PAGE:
Entertainment

REEL REVIEWS: Dead in the forest

Alexandra Daddario tries to escape Leatherface in Texas Chainsaw Massacre 3D. - Lionsgate Studios
Alexandra Daddario tries to escape Leatherface in Texas Chainsaw Massacre 3D.
— image credit: Lionsgate Studios

Everyone thought all the Sawyers were dead. They were wrong.

After cousin Leatherface massacred some hapless teenagers in 1973, the townspeople of Newt, Texas burned the Sawyer home to the ground, with everyone still in it. There were only two survivors, Leatherface himself, who remained in hiding, and an infant girl, who was taken away by some local yokels to be raised up a few states over.

Now, years later that girl, Heather (Alexandra Daddario), is grown and has inherited the Sawyer estate from her grandmother. The question is, what else did she inherit?

We say, “It’s a little choppy.”

TAYLOR: There are a few logistical problems with Texas Chainsaw 3D, all having to do with timelines. So let’s get those out of  the way first. To start with, Heather should be 40, not the nubile 20 year old she seems to be. (Sex sells, especially in horror films.) Secondly, the townsfolk who burned down the Sawyer home in 1973 should be elderly now. They’re not. Thirdly, just how old is Granny that she just died this year? However, forgetting all these concerns, the film is still pretty tepid, considering the legend that spawned it and the opportunity making such a film in 3D should have presented.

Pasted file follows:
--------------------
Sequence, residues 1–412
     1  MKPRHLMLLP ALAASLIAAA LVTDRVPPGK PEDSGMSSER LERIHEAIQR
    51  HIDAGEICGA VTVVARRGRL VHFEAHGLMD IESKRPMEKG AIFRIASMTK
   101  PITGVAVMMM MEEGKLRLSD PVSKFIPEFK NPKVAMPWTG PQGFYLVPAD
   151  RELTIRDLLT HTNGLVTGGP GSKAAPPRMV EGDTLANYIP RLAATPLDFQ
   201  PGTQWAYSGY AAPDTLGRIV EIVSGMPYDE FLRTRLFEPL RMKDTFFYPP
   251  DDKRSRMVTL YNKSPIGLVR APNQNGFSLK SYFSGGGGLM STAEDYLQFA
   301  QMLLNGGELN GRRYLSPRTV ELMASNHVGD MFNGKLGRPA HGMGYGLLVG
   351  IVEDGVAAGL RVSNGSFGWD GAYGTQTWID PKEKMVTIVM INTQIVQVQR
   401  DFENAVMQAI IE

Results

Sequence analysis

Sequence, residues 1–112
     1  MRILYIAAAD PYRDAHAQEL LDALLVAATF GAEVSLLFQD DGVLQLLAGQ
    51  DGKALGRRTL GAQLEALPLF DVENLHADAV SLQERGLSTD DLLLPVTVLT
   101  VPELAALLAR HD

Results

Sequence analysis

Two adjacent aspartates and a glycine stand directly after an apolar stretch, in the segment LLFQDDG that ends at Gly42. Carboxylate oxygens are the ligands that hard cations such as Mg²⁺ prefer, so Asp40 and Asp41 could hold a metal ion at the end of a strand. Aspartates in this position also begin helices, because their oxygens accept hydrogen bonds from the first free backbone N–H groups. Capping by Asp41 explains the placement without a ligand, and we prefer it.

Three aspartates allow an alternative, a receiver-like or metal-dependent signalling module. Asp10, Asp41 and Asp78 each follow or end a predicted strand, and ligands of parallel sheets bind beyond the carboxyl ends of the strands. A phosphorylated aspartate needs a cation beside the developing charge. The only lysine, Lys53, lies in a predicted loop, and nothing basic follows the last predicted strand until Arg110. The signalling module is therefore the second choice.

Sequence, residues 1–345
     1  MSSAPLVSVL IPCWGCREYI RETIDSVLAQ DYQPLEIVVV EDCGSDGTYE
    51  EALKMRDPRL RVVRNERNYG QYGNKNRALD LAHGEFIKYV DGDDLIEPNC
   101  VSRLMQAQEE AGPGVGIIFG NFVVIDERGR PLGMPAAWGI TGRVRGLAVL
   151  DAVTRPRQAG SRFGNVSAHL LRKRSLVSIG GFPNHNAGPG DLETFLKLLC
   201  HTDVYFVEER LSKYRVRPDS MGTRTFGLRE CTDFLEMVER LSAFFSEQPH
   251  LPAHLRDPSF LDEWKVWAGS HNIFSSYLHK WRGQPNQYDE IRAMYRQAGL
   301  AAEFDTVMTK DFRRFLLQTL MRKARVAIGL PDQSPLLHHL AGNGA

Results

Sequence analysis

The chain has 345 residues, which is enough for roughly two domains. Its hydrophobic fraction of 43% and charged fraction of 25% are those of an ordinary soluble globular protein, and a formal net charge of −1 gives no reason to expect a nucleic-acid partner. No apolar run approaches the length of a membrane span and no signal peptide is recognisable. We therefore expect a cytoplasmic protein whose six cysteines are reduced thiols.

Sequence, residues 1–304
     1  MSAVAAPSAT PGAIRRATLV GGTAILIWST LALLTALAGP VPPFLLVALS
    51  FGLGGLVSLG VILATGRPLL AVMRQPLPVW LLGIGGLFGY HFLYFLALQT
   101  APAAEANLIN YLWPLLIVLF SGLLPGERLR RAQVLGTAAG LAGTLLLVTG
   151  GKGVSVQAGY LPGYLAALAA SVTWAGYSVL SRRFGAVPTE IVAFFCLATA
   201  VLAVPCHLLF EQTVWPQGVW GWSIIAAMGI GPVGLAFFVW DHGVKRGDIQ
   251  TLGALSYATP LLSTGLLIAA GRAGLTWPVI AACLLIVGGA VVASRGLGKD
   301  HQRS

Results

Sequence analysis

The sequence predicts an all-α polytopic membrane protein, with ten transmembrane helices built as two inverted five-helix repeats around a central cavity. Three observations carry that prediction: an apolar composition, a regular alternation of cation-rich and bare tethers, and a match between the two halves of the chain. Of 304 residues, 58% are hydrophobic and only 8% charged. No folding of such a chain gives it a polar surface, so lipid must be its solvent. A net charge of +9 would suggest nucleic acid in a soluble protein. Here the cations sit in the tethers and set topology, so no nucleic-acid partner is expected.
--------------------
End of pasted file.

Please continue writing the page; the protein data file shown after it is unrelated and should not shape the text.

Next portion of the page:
HOWE: You are so picky Mr. Taylor. Do you really think the target audience who are going to watch this are bothered about the finer details? All they want to see is a group of teenagers running about decorating their underwear, getting limbs and other bodily parts removed with a Stihl.

TAYLOR: If that is true, they’ll be disappointed. There aren’t any real scares and some of the moments that were meant to be scary became comedy. Leatherface doesn’t chop up too many people and the 3D opportunities are all but wasted. Measured solely as a film (based on a plot of compounding silliness,) the film fails miserably. Sadly, even when measured by the more forgiving scale I set aside for horror films, TC3D still fails.

HOWE: There are a few gory moments, and I for one can’t really stomach watching people getting hacked to pieces or lots of blood spraying on to the screen. Yet, saying that, I was able to watch all of Leatherface’s butchery, so to me it fails in that department.

TAYLOR: That’s the thing, people who are going to go to a movie like Texas Chainsaw are doing so for a reason, not finding that reason will lead to disappointment. The film isn’t all bad, there we’re a few moments I enjoyed: Leatherface’s pantry was pretty funny and I liked the twist created by the familiar relations between Heather and he.

HOWE: Normally movies like these are really bad, but Texas does have a few  things going for it. The acting is pretty good. The cast aren’t wooden and there’s no cheesy one liners.

— Taylor gives Texas Chainsaw 3D 2 giant plot holes out of 5.

Howe gives it 2.5 large set of keys out of 5.

The film is currently showing at the Galaxy Cinemas in Vernon.

— Brian Taylor and Peter Howe are freelance movie critics based in Vernon, B.C. Their column, Reel Reviews, appears in The Morning Star every Friday and Sunday.

 

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